@148- 575 SQ 315 BE 515 DL.....1400 total
    @165- 680 SQ 380 BE 540 DL.....1555 total
    @181- 700 SQ 375 BE 535 DL.....1605 total
    Best Gym Lifts(Raw w/wraps)
    545 SQ 305 BE 585 DL

  4. #54
    Super Human kingkrs's Avatar
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    I got this from another site.

    Date: Fri, 31 Oct 1997 02:52:05 -0500 From: Paul Chek Subject: BACK STRONG & BELTLESS!

    Backstrong and Beltless by Paul Chek MSS, HHP, NMT and reformatted for human consumption by Kim Goss CSCS

    When it comes to lifting heavy, a weight belt is more fashion accessory than essential workout gear

    Remember when the only time you would see someone wearing a weight belt was in the gym, and only when they were performing the heaviest squats, dead lifts and overhead presses? Now it seems everyone who wears a belt-- from the Arnold wannabes to the elite few who make the cover of Powerlifting USA--regardless of what exercise they're performing or how heavy they're lifting. Squats? You MUST wear a belt. Bench presses? You SHOULD wear a belt. Biceps curls? Well, you know, just to be on the safe side...

    It's getting ridiculous.

    The trend to wear a weight belt has now extended beyond the gym doors. Trash collectors, truck drivers, and construction workers often spend their entire workday in a weight belt--as do mail carriers, grocery clerks and even the pizza guy. Some companies have gone so far as to make it a mandatory safety policy that all employees wear a back harness. Next thing you know it's going to be a misdemeanor to drive a car without a weight belt! What's going on here? Do weight belts really protect the back? Will they make you stronger? Can the estimated 85 percent of Americans who will suffer from at least one episode of back pain in their lives find relief, and possibly even avoid surgery, by making a weight belt a habit?

    Before I answer these questions, try to dig up recent pictures of the world's best Olympic weightlifters in competition. Not the American weightlifters who are losing the struggle to achieve international respect, but our European counterparts who are breaking records and winning world and Olympic titles. Isn't it interesting that they never use belts when performing the snatch lift, and seldom in the clean and jerk? Even in training you'll find that many of these lifters prefer to train without any forms of artificial support. In fact, IronMind Enterprises sells videos of these athletes squatting over 700 pounds without a belt! Either these athletes are really stupid, or they know something that we don't.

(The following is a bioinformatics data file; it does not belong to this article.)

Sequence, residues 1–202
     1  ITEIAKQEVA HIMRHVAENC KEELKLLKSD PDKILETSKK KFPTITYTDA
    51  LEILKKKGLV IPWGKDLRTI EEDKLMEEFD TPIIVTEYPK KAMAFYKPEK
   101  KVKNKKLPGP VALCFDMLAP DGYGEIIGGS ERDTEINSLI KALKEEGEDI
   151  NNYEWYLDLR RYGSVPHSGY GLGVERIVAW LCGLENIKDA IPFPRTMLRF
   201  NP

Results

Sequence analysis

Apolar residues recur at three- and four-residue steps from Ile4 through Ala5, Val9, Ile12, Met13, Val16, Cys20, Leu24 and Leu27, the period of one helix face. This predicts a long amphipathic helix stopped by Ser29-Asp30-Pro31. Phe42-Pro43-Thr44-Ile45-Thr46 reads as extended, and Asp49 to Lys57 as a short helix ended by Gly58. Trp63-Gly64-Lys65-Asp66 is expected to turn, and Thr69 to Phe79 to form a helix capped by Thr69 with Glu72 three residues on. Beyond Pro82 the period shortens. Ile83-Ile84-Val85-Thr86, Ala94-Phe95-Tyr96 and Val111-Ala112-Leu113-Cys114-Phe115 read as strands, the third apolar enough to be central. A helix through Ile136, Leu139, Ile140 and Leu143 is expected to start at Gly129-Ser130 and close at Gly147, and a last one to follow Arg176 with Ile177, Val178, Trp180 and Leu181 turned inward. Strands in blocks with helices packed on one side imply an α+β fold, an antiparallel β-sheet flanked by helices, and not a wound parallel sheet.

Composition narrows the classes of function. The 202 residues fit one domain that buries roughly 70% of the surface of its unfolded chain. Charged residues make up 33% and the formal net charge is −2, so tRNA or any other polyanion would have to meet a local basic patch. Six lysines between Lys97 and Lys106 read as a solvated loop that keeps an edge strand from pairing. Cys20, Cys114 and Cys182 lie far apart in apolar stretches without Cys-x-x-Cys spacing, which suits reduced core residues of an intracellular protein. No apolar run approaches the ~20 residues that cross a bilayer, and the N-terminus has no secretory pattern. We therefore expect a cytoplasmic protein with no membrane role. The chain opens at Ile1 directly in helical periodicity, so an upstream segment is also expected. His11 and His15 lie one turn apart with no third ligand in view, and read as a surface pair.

INTRA-ABDOMINAL PRESSURE TO THE RESCUE

    To determine whether or not weight belts can protect the back, it's necessary to first look at one of the body's support mechanisms for the spine: intra abdominal pressure.

    As you bend forward, the pressure in your lumbar disks should increase in direct proportion to the degree of forward bending. When using heavy weights in the squat and dead lift, intra-disk pressure may rise 300 percent above normal--such high levels of stress could cause disk herniation if your body did not take measures to protect these structures.

    When you bend forward your abdominal muscles contract, compressing the internal organs, forcing them downward into the pelvic basin and upward into the diaphragm. Through this intra-abominal pressure mechanism there is a decompression of the two lowest vertebral disks (L4/5 and L5/S1). This decompression may be as great as 30 percent or as low as 6 percent. Regardless of the magnitude of the decompression, the important point to remember is that these two lumbar disks carry the greatest load of all spinal disks. If the intra-abdominal pressure mechanism is weakened or faulty, it will proportionally affect the other mechanisms, leaving the lower lumbar disks at a high risk for injury.

    ENTER THE WEIGHT BELT

    So how do weight belts fit into this picture?

    When a weight belt or back harness is wrapped tightly around your torso, intra-abdominal pressure increases. This belt compression creates a mechanical phenomenon known as "hoop tension," and this hoop tension will enable you to lift more weight.